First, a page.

They began a three room B& B in 2004, plan to expand to five rooms in 2009, and are offering a real farm stay starting in the summer of 2008 for people who “really want to experience staying on the farm – building activities, spinning, getting hands dirty,” says Charlotte. “Each stay would be individually designed and balanced between working on the farm and touring, maybe four mornings on the farm for instruction and hands-on work and the free time.”
The farm stay will flesh out their other agri-tourism activities: u-pick blueberries and apples; apple blossom and blueberry festivals; and a fall weekend on cooking with seasonal foods. For Charlotte, “the most important thing is to help people learn about organic growing and to connect with local foods and local produce.”
Donna Coffin, a Piscataquis County Extension Educator since 1980, works to preserve small farms by helping farmers develop direct sales. She helps farmers “attract non-farm people to the farm to build their agricultural literacy and get local people to come buy direct from the farm.” Maine Highlands Farmers, established five years ago to serve Penobscot, Piscataquis and Somerset County farmers, is a concerted effort to increase sales and expand markets by promoting locally raised products.
Maine Highlands Farmers distributed a map of local farms to tourist outlets but “it was their friends and neighbors who were doing the purchasing.” Focused now on advertising to nearby year-round residents and increasing signage, their strategy is working. At a May 2007 gathering of 10 of about 20 participating farms, the farmers estimated that their sales have increased from between 15% and 60% with the majority of sales in direct marketing. Many are opting to reduce their wholesale marketing in favor of direct sales.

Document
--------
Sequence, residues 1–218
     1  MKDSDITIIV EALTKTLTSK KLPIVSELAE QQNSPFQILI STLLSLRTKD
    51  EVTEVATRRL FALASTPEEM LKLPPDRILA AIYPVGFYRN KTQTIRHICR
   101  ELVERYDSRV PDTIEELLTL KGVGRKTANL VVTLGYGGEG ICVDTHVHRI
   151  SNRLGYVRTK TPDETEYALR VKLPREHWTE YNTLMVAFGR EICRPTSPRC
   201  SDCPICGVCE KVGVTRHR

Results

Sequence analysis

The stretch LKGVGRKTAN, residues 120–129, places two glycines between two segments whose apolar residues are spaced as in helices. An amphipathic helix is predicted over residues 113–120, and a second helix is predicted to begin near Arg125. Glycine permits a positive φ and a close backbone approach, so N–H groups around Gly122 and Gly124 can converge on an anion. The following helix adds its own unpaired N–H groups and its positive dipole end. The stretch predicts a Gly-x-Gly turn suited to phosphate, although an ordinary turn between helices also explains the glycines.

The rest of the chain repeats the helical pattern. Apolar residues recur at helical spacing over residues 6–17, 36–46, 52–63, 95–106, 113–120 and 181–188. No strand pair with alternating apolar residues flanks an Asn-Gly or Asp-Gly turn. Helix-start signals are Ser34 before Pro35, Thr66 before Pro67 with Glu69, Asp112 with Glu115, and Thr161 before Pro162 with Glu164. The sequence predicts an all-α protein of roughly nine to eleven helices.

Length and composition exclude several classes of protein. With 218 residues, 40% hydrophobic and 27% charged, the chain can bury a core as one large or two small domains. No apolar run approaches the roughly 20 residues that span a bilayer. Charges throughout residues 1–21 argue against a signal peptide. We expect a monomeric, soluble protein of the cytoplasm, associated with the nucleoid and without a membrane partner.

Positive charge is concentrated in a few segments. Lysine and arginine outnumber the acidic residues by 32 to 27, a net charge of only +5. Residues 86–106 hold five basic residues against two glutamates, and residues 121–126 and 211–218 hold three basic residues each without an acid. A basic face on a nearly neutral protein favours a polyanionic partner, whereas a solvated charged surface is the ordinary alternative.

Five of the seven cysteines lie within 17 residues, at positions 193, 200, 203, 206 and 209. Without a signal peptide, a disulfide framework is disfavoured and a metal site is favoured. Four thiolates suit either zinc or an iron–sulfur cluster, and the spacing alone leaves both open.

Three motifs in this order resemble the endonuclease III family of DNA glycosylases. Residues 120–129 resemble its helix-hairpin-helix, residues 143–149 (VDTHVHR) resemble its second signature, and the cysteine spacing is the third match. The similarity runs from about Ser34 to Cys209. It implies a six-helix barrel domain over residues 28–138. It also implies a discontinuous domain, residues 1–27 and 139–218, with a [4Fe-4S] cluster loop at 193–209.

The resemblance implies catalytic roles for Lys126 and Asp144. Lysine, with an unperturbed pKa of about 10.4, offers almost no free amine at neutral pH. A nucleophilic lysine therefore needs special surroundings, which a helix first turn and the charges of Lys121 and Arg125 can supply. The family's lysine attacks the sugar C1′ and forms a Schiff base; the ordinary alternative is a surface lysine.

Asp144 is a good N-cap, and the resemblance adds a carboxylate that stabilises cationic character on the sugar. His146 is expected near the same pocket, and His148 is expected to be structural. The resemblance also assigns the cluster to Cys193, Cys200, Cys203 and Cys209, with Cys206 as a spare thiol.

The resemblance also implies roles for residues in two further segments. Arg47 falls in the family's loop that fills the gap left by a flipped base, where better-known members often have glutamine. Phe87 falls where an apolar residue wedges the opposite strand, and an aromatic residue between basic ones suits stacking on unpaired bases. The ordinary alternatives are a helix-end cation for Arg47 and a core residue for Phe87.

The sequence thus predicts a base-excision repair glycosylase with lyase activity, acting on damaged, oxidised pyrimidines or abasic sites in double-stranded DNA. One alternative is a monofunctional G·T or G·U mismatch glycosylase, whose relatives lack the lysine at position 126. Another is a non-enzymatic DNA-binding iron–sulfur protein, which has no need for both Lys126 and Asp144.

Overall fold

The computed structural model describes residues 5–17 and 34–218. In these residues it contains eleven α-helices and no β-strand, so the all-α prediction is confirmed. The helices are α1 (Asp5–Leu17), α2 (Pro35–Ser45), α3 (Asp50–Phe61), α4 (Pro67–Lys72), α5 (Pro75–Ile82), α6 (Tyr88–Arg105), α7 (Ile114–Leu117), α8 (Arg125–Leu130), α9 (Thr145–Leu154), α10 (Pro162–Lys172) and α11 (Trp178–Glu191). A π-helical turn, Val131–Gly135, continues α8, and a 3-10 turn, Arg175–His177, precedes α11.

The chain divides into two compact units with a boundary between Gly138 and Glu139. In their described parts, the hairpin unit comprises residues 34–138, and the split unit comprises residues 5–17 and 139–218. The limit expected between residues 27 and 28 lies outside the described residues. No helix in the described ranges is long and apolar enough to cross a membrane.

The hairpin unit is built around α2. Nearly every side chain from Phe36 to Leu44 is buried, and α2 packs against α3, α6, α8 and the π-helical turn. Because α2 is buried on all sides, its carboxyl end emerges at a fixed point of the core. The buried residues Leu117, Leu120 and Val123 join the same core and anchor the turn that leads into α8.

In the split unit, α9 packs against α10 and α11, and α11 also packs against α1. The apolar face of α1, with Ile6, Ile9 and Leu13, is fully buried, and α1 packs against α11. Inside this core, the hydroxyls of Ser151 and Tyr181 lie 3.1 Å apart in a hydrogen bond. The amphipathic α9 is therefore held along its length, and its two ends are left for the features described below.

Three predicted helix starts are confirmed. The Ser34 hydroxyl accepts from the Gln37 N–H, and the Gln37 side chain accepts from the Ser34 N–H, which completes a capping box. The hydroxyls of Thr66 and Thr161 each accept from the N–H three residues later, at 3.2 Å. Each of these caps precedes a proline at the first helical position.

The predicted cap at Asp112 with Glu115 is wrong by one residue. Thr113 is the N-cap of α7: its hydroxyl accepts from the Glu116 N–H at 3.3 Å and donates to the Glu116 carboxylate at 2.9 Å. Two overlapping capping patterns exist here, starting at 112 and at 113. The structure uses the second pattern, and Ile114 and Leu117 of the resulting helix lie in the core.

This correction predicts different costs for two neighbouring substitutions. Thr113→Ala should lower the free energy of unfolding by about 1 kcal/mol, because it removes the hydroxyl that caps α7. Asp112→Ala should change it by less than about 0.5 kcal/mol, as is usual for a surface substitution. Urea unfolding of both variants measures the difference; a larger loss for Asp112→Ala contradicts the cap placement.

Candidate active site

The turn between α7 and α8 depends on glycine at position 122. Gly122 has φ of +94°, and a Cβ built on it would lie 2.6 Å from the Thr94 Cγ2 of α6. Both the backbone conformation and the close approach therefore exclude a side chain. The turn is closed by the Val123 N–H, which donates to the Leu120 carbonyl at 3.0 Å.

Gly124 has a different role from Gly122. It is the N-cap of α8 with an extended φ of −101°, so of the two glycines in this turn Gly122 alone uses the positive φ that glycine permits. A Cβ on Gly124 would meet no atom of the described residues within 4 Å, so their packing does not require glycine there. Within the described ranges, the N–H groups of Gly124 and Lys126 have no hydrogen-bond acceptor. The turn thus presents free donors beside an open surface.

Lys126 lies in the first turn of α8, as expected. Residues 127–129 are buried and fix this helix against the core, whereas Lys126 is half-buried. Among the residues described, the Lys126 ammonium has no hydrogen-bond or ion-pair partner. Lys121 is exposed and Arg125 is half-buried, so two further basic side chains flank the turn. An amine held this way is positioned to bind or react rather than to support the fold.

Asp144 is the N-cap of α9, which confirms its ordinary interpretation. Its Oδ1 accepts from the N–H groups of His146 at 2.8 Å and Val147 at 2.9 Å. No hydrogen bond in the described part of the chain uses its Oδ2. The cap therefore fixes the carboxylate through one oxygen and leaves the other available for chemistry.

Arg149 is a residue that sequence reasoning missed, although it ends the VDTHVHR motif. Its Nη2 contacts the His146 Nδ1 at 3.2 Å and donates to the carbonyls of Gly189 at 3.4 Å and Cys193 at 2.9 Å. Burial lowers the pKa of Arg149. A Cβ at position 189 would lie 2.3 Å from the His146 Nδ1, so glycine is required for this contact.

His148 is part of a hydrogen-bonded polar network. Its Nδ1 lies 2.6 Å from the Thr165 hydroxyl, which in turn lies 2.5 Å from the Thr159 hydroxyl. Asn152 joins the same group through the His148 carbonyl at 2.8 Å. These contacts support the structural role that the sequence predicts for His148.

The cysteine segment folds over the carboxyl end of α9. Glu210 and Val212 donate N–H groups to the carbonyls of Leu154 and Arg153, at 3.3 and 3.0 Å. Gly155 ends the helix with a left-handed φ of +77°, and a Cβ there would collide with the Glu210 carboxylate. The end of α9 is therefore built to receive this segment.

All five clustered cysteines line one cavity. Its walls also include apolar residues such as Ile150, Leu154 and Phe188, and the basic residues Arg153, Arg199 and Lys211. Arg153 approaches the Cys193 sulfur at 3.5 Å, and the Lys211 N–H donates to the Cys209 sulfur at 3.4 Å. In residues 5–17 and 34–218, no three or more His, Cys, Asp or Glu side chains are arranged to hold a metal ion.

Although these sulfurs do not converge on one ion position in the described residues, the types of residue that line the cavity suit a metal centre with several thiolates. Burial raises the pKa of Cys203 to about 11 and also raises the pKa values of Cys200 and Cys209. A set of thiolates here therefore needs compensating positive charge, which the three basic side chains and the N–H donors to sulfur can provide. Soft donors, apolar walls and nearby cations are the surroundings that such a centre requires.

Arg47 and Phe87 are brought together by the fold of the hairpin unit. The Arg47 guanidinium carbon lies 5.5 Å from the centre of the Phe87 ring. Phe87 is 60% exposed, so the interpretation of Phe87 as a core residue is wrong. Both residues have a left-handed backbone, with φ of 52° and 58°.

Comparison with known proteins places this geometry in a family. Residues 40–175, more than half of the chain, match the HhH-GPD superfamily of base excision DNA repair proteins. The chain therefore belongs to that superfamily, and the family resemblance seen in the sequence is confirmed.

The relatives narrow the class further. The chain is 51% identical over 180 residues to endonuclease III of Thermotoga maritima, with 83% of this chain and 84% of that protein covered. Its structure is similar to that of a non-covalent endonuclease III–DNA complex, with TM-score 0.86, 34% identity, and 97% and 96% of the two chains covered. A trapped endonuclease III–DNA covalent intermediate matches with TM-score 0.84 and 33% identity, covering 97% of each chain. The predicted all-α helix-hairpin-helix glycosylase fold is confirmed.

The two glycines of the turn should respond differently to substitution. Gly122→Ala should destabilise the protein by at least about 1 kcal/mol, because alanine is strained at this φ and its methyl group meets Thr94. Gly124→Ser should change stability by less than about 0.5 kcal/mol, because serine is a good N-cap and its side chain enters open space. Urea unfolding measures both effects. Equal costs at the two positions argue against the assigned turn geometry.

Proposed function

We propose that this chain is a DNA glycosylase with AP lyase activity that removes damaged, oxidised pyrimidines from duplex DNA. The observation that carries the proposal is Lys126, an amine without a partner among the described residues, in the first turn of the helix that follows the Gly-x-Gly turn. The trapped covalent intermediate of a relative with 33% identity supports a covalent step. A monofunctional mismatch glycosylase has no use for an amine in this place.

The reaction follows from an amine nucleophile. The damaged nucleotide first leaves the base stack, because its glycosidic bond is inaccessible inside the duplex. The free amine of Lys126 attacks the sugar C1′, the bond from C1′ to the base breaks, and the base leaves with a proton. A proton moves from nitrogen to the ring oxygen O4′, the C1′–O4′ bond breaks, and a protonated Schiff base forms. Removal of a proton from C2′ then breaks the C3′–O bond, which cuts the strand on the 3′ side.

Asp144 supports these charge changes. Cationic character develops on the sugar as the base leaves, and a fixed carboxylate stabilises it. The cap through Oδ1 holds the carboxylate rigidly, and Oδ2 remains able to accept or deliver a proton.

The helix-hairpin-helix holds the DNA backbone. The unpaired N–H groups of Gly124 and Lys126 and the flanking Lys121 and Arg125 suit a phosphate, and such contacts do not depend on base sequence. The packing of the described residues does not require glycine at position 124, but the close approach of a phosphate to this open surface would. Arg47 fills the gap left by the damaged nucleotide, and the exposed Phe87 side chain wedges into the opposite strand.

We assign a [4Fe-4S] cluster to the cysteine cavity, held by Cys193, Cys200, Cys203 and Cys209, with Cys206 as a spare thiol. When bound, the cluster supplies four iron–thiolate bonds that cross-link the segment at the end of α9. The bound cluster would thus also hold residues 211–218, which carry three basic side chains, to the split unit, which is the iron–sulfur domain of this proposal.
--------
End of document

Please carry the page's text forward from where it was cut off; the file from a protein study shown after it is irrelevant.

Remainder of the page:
Cathe Morrill bought State of Maine Cheese with partners in 1996 and, in 2001, moved it to a larger building on US 1 in Rockport to showcase Maine-made foods and have a larger cheese production plant. She believes “ the biggest agricultural opportunity in Maine is value added products, whether on the farm or off the farm.”
Morrill is working with the state and with the Maine Cheese Guild, which she helped found, to map all Maine cheese makers so that tourists can do cheese tours. Morrill believes “the breadth and depth of cheese making in Maine is soon going to rival every other state in the union.” Some five cheese makers are working with Union’s Savage Oakes and Sweet Grass Winery on a combined wine and cheese event in June 2008, and Morrill sees this as only the beginning.
Guini Ridge Farm’s Reinemann is looking for good ways to leverage his farm’s natural amphitheatre – possibly with a lecture series. Or maybe he’ll find out more about the summer concert series run by Sid and Rainie Stutzman of Stutzman’s Farm in Sangerville. Or maybe he’ll use the model of his picture-perfect barnyard October harvest supper, featuring his own roasted meats, currently a thank you celebration with friends and neighbors, to begin a Dinner in the Field series for paying customers. Perry Ells is wondering whether the on-the-farm Dinner in the Field-type event could work for her, but she has her farm tours to launch first.
Agri-tourism. The pieces are in place; the potential is limited only by the time, imagination and resources of Maine’s farmers, their partners and supporters.